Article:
My ideas here were inspired in part by shot-framing (taking a less fiddly tack), but also in part by the Season Setup in Primetime Adventures, where a character determines their overall arc for the season. I would love to figure out something analogous to determine a character’s contribution to the night’s story overall.

Rewarding Details Wushu clearly rewards adding more detail (in the form of +1 per embellishments). I thought I wanted this, but wanted better, consise detail. I tried to keep the “+1d / embellishment” rule, suggesting that simply referencing a previous detail would suffice, but it still lead to the same end results: too many details, not enough flow.

I considered establishing a clear rubric (guidelines for judging and rewarding proper details), but this is problematic. I didn’t want to take players out from participants or observers of the actions to be come judges of it as well. (Throwing in “fan mail”, a la Primetime Adventures, is one thing, but providing stronger feedback might not be easily possible.)

I also considered making a concept map of specific details that should be reincorporated, excluding freeform details. (For example: there’s a plate-glass window, and I add it to the list. I’m being clear here: I’ll reward a player for kicking a foe (or being kicked) through said window.) I worried this might be overly constraining or static; however, I’ve seen that freeform details alone have not satisfied, while I’ve seen constrained detail come to be of good use (in Geiger Counter for example).

Characters Have Issues. It’s important that fights have some stakes and impacts other than the direct outcome. (The hero is trying to destroy the helicopter, but this fight is also showing us something about his feelings about being double-crossed by the government.) However, I’m not certain about the default approach – tagging these issues as optional or mandatory “stakes” stacked onto the outcome of a fight.

I still like Wushu! I think I can still play it just great. I get its mindset, and I know how to map its bits to represent different parts of what I try to do in play and what I want. However, it’s clear to me there’s other stuff I still want from an action game that this game doesn’t provide . Hence, the hacking.

The Matrix: Unknowable

Many enjoyed “The Matrix”, and were inspired to create their own fiction in that world. What other stories would I want to tell?

(1) I saw “The Matrix”, and I liked it. Watched alone, I think it stands up: as a thematic whole, with paranoia and unreliable narrative throughout. Character interactions and setting minutae are secondary. What you’re seeing instead are symbols of characters – “Cipher”, “Dozer” – casting shadows on blank screen. The story is, overall, a redpill: it halts the narrative its in and reaches out to the viewer perceiving it. There was once was a Thomas, and he was not the One; he died. But, he was not dead, and he returned as the One. Freedom granted him limitless power.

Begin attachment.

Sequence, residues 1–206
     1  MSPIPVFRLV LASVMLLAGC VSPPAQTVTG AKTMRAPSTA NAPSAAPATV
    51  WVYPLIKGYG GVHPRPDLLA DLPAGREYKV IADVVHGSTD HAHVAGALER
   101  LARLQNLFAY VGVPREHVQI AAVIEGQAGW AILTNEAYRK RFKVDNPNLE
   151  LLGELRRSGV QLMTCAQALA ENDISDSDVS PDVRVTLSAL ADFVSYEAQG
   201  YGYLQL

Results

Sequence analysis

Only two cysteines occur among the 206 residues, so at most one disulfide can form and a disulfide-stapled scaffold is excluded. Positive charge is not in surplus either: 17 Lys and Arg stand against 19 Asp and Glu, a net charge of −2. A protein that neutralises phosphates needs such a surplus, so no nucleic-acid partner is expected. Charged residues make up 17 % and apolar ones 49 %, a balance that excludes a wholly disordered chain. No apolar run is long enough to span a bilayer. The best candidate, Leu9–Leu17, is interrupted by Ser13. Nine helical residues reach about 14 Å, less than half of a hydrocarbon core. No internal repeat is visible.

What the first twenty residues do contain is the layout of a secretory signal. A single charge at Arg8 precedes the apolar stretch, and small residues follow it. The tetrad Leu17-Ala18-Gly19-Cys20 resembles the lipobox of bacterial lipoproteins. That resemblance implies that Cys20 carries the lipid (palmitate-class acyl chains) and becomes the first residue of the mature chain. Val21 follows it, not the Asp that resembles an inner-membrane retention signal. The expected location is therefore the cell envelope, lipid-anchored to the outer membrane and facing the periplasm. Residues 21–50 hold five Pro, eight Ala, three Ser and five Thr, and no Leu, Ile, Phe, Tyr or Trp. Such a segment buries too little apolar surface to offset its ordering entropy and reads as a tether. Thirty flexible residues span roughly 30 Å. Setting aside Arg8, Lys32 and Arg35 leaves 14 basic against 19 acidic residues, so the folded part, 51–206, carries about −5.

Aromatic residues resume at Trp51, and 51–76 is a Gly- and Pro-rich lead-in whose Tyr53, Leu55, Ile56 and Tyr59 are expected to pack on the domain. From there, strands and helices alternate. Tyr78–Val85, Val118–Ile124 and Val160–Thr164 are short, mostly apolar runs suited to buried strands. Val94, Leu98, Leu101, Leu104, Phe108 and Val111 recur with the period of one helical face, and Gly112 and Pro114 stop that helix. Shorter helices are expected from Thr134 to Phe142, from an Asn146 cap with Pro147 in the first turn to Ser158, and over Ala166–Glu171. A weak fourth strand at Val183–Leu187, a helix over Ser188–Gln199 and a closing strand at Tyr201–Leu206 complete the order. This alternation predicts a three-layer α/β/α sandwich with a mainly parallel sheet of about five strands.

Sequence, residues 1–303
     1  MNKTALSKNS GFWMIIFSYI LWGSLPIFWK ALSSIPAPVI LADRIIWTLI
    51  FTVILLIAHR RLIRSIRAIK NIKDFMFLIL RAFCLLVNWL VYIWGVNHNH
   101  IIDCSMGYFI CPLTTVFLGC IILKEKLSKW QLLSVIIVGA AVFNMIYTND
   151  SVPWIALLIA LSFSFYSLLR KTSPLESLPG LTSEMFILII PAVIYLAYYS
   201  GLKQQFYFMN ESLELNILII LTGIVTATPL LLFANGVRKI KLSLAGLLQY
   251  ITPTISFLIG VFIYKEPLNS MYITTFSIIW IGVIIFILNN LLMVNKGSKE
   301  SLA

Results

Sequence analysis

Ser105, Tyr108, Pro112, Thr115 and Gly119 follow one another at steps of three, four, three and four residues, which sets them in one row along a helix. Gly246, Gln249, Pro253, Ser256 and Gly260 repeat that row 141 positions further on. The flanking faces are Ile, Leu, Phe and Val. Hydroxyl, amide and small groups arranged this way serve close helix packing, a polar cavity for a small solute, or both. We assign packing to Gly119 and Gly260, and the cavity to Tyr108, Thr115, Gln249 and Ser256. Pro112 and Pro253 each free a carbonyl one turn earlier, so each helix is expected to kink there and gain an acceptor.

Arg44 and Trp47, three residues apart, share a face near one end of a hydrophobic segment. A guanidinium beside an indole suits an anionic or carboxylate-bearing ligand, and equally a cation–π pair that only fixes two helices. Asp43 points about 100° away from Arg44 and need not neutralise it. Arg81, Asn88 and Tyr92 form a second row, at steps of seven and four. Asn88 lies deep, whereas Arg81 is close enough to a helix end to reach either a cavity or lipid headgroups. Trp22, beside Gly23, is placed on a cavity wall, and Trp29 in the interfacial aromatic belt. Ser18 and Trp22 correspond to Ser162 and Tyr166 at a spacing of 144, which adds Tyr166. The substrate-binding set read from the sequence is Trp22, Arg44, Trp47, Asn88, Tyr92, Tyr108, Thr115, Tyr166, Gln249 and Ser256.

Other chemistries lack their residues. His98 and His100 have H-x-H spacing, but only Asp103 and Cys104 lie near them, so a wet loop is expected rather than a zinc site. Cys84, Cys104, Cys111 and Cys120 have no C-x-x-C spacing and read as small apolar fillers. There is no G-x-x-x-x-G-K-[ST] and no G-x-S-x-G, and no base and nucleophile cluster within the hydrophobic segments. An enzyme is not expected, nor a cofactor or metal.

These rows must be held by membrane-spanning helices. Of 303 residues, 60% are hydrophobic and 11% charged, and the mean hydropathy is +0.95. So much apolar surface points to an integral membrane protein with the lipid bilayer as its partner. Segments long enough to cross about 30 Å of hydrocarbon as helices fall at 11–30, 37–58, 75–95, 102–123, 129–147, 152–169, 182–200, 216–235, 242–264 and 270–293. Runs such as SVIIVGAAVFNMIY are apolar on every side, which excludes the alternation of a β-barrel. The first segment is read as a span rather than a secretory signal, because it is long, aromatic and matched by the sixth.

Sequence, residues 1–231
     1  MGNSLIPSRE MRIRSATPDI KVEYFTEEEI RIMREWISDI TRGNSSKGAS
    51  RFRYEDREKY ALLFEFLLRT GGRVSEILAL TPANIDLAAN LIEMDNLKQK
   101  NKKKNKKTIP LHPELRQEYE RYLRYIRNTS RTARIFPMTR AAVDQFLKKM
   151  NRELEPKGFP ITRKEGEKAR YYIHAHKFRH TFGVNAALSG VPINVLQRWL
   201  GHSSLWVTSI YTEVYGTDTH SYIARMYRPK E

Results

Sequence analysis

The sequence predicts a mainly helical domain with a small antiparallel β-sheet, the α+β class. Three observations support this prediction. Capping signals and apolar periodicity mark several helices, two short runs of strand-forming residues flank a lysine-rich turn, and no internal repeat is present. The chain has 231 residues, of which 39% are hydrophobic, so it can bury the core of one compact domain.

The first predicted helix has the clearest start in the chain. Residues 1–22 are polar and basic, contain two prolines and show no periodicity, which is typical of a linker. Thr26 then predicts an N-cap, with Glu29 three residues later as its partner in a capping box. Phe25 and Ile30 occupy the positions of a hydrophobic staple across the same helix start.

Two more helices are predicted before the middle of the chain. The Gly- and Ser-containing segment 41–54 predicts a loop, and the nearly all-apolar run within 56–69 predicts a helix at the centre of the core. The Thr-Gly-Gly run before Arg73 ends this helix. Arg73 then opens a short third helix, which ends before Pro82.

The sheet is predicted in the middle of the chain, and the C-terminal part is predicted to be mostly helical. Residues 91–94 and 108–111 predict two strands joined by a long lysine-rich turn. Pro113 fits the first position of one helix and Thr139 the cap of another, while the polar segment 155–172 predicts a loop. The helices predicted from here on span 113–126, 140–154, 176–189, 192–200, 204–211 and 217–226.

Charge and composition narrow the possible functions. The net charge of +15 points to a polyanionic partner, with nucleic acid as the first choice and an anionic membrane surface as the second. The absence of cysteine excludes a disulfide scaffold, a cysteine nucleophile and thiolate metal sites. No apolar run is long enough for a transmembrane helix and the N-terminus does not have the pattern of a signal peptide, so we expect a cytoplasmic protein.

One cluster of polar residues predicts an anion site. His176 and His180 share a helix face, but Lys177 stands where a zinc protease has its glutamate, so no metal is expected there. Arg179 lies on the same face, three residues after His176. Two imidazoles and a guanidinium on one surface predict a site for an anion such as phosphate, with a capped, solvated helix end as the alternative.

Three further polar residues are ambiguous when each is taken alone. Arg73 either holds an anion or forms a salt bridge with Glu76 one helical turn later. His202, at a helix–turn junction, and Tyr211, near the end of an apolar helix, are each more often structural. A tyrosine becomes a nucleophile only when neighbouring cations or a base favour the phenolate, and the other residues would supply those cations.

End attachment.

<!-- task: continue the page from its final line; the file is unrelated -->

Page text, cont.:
(2) I was an undergrad, battered by the throes of the computer science curriculum: too much all-nighters, too much caffeine, all CRT screens and halogen lights, buzzing sounds and naps sitting upright or dreaming. It was a cruel education; although, I think there were some nights, as I strained to climb the stairs back to my room, that I almost felt the stairs give way, slightly. I almost felt the hardened world swish around me as I ceased to pay attention, and perhaps if I looked past the corner of my eye, I’d see the bright yellow-on-black outlines and edges where detail broke through, and the thin structure of the simulation would finally show itself.

(3) In the first movie especially, there’s so much uncertainty and gray weariness aboard the ship, The Nebuchadnezzar. What year is it? Is there really a Zion? (We never see outside the ship.) (We don’t need to, you see.)

(4) If you emulate a genre or story, you do want to service its characters, settings, details: all the bits you cherished and wished for more of. You want to service the story you’re emulating. However, some authors would plead that you not do this: you are taking material of the story to be its subject, when they are only its object and stage. The subject is at arms length, and you’ve missed it already. It is not for us to continue the story or retell the story, but to retell its telling to us, for that’s the only accurate story there is.

(5) I was reading a Johnny Cash biography, and there were references to the Christian phrase: “God’s Kingdom”. The semantics of this, to an American liberal, sound initally like a claim towards an inherently Judeo-Christian America, but I realized this wasn’t the point. Instead: imagine that, trapped in all of this current world – your Car, your Job, your Aunt – are a few threads of what is actually real – (death + pride), (greed + sloth), (vices + virtues). You could scald away much of the world, and indeed your own body would eventually come apart from this world, but there’s something real beyond it that remains. The real world, that you give your heart for, day in and out. A real world that will, one fine day, crash down upon the world we live in, making us free at last. When a believer is speaking, what do they see?

(6) I saw the final movie of the Matrix trilogy; looking back, I could make some sense of it all if I reimagined all these events as the muddled, re-creolize, reinterpreted Gospel that parents within a matrix tell their children. Yes, my darlings: the world we have is a much greater one than the one before, due to the sacrifice of the One. And yes, if you believe hard enough, you will come to understand and overcome the world you are in; you’ll see beyond this world, and the next, just like the One.